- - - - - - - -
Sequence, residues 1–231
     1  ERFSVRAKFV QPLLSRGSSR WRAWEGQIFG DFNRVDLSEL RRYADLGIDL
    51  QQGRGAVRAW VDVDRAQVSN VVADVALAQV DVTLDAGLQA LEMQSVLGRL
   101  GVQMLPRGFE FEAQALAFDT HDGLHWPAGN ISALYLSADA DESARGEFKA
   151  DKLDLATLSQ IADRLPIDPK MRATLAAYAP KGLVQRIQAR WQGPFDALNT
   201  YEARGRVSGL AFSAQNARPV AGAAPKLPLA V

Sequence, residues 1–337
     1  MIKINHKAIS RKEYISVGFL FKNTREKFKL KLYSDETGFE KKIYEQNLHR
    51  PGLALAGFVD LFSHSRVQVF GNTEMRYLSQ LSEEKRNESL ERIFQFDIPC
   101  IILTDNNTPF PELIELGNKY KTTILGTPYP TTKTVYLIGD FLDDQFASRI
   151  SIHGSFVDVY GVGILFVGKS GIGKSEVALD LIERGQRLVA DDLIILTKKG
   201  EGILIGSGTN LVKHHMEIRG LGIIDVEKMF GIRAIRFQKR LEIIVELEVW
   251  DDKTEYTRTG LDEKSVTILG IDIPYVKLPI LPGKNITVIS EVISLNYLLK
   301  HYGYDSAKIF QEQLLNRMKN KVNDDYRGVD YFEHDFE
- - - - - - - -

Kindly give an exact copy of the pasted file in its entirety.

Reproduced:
Sequence, residues 1–231
     1  ERFSVRAKFV QPLLSRGSSR WRAWEGQIFG DFNRVDLSEL RRYADLGIDL
    51  QQGRGAVRAW VDVDRAQVSN VVADVALAQV DVTLDAGLQA LEMQSVLGRL
   101  GVQMLPRGFE FEAQALAFDT HDGLHWPAGN ISALYLSADA DESARGEFKA
   151  DKLDLATLSQ IADRLPIDPK MRATLAAYAP KGLVQRIQAR WQGPFDALNT
   201  YEARGRVSGL AFSAQNARPV AGAAPKLPLA V

Sequence, residues 1–337
     1  MIKINHKAIS RKEYISVGFL FKNTREKFKL KLYSDETGFE KKIYEQNLHR
    51  PGLALAGFVD LFSHSRVQVF GNTEMRYLSQ LSEEKRNESL ERIFQFDIPC
   101  IILTDNNTPF PELIELGNKY KTTILGTPYP TTKTVYLIGD FLDDQFASRI
   151  SIHGSFVDVY GVGILFVGKS GIGKSEVALD LIERGQRLVA DDLIILTKKG
   201  EGILIGSGTN LVKHHMEIRG LGIIDVEKMF GIRAIRFQKR LEIIVELEVW
   251  DDKTEYTRTG LDEKSVTILG IDIPYVKLPI LPGKNITVIS EVISLNYLLK
   301  HYGYDSAKIF QEQLLNRMKN KVNDDYRGVD YFEHDFE